Ghostwriters, confidentiality, and desire for vindication

A clash between two rights characterizes every story you read in a nonfiction book.

You, the reader, have a right to the truth.

And the people you’re reading about have a right to privacy.

The author walks the narrow path between those rights. But it becomes even more challenging if the right to privacy is secured by contract — or by federal law.

Ghostwriters and national security

Every ex-president writes a memoir. Since most presidents are better politicians and leaders than writers, they usually have ghostwriters.

As Rebecca Davis O’Brien described yesterday in the New York Times, this causes national security problems, since much of what happens in the White House is protected as classified material.

Donald Trump showed a classified Iran war plan to a ghostwriter for his former chief of staff — to “set the record straight.”

Joe Biden read classified material from his own notebooks to his ghostwriter.

The reason was the same for both: they wanted to be portrayed as the hero (and profit from it). From the article:

For presidents and other major political figures, [Presidential Historian Douglas] Brinkley said, there is a point “when you switch from leadership to legacy mode.” He also sees the urge to hold onto records, and to write blockbuster memoirs about one’s tenure in office, as “part of the monetization of the presidency.”

In 2010, according to [Special Counsel Robert] Hur’s report, Biden documented a meeting about a possible book about his vice presidency and noted that “there were three plausible reasons” for writing one: “1. Defense — others will write and I want a record. 2. Future — who knows about 2016. 3. Profit — retirement.”

History belongs to all of us. Classified material belongs only to those have clearance. But when it comes to presidential ego, there’s a strong incentive to break the rules — and tell the story you want people to hear.

This conflict happens in corporate memoirs, too

I’d love to tell you about what I did as an analyst, when I met with all sorts of the most visible leaders in media and technology. But for the most part, I can’t, because those meetings were confidential and my employer had a strict, and strictly enforced, confidentiality agreement with our clients. Those agreements tie my hands even now, and unlike Trump and Biden, I obeyed the rules and didn’t take my files with me.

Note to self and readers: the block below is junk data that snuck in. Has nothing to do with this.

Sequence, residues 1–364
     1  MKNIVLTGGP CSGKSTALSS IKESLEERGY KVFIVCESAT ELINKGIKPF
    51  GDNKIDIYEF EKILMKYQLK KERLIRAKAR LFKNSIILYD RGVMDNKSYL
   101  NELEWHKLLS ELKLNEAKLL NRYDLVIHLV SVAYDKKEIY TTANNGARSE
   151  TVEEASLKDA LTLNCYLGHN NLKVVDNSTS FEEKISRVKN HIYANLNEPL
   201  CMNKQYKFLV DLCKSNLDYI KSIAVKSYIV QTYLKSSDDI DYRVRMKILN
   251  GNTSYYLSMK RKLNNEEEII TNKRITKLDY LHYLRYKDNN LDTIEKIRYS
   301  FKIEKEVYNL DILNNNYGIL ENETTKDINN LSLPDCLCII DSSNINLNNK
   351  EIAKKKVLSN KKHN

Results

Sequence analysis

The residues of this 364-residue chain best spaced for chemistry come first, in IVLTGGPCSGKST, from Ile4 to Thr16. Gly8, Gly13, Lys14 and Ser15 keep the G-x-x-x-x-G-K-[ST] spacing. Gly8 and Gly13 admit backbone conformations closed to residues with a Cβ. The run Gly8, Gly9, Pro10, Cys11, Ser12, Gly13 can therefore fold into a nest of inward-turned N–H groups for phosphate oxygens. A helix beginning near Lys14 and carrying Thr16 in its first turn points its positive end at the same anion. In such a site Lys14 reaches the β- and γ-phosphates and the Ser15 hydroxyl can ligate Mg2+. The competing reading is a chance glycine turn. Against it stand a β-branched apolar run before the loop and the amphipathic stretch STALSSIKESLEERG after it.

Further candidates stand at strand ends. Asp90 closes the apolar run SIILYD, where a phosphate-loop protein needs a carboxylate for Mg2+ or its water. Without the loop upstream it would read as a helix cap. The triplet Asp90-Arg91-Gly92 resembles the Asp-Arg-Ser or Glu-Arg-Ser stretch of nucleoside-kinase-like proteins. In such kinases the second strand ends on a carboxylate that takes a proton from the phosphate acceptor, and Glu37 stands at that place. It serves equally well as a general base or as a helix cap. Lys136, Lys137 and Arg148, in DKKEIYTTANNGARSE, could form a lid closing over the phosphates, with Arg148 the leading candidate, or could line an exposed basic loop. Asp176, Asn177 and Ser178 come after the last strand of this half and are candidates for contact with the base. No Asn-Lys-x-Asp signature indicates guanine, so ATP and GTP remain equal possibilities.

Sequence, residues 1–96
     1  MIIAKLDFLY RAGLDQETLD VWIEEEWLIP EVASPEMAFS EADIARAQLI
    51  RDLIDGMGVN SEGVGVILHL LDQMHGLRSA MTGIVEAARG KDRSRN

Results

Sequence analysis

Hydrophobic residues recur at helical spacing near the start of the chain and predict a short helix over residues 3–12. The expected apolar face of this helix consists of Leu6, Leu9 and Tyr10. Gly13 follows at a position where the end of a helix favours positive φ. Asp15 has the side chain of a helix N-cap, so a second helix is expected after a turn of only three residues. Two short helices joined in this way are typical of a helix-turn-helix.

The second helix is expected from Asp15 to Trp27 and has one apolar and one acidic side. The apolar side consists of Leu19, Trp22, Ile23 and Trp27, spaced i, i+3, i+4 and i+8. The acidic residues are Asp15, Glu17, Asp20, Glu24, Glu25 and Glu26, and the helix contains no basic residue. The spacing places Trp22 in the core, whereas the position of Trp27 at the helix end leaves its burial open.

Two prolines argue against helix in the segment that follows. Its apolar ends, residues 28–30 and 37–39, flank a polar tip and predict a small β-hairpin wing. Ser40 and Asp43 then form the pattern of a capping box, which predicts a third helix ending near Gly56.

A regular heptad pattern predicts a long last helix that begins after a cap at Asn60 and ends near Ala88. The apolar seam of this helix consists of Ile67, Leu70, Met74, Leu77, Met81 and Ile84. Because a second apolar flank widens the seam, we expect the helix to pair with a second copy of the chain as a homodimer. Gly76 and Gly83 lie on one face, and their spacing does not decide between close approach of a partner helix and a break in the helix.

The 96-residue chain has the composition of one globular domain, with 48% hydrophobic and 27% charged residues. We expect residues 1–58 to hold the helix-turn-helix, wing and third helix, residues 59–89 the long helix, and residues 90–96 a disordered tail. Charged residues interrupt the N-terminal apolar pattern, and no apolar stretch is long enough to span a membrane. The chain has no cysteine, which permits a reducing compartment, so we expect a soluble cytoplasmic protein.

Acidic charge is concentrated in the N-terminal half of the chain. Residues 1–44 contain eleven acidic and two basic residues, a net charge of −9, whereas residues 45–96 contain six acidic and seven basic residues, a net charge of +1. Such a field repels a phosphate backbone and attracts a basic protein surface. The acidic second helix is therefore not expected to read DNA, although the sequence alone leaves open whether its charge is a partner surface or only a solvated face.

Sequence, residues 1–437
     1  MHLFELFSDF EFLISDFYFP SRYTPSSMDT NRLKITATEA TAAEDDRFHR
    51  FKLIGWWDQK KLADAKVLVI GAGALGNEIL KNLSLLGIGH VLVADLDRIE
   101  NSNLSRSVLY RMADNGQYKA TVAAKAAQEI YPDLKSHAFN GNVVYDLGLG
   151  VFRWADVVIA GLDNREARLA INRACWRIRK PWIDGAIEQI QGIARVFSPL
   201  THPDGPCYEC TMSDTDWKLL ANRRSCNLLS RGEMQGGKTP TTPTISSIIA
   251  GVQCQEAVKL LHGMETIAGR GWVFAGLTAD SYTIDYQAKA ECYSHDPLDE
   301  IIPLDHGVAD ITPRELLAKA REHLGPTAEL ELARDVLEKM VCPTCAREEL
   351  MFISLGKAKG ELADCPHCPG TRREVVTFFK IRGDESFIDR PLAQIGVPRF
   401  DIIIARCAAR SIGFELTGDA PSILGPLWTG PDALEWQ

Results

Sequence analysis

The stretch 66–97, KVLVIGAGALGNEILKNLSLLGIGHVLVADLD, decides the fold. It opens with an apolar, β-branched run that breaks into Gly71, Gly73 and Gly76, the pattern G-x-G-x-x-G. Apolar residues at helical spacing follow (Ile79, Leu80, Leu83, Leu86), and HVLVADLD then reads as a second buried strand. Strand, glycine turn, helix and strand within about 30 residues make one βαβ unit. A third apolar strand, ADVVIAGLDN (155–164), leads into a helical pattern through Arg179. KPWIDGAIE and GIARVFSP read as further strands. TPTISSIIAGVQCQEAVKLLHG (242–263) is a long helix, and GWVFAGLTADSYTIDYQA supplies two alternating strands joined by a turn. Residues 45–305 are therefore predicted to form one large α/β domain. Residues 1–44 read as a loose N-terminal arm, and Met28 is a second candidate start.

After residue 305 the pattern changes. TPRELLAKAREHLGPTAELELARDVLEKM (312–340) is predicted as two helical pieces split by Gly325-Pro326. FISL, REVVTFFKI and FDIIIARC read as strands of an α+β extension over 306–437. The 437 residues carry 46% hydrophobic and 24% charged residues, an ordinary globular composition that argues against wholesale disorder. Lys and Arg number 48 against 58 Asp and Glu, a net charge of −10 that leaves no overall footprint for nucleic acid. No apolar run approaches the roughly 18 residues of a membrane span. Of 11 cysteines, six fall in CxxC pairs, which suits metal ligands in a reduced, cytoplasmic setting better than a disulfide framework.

There was the meeting at one television network where the president of a major broadcast network goggled at a chart I showed about who skipped commercials in recorded programming. “Why does this interest you so much?” I asked. “It’s the first chart I’ve seen this year with our network at the top,” he responded, chagrined. Which network? Sorry, can’t say.

There was the prominent financial services CEO who profanely railed against the regulations that tied his hands in competitive situations. Which company? Sorry, can’t say.

If you read my book about writing business books, you’ll read about some authors who made disastrous decisions and cut corners with the truth. Which authors? I won’t say. They worked with me based on trust that I wouldn’t share their dirty laundry.

That’s why there will never be a memoir from me.

One of the most fascinating memoirs of the last ten years is Dan Lyons’ description of the venal behavior of his corporate bosses at HubSpot, Disrupted: My Misadventure in the Start-Up Bubble. Lyons’ managers never got around to getting him to sign the usual confidentiality agreement. And later, they got themselves in big trouble trying to get hold of the manuscript to see what he said about them.

One of the most honest memoirs I ever read (I also edited it) was Mitch Lowe’s book Watch and Learn: How I Turned Hollywood Upside Down with Netflix, Redbox, and Moviepass–Lessons in Disruption. Mitch tells the truth about everything, including his side of what went wrong at the doomed movie subscription startup Moviepass. There are still lawsuits going on between Mitch and federal regulators, so I wonder whether what he wrote is being cited as evidence.

Legal vs. ego

If you work for a corporation — or used to — and you’re writing about your experience, it’s crucial to get permission, especially if what you write could be construed as a violation of your confidentiality agreement, or your agreement to keep client information private.

If you work for, or used to work for, the government, there are plenty of other regulations, including document classifications, that apply.

And if you’re a ghostwriter, be careful that you don’t tangled up in these situations, or you’ll spend your time testifying — which tends not to pay very well. Don’t put your head in the sand. Ask your client about confidential information and what they (and you) are legally permitted to reveal.

And if you’re reading a memoir, remember that you’re only reading what falls into the intersection between what’s allowed to be shared and what your author thinks makes them look good. That’s just a small window into the truth of what actually happened.

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One Comment

  1. Just a curious observation: Neither Trump nor Biden needs more profit, from a memoir or any other source. Neither will ever have financial retirement worries of any ilk. Are they really seeking more dough to roll in? The testimony about Biden’s posted statement points to “yes.” Is there similar recorded “horse’s mouth” evidence from Trump?

    This post does point out the need to dot your I’s and cross your T’s with precision and wariness. This is not a genre to be glib about.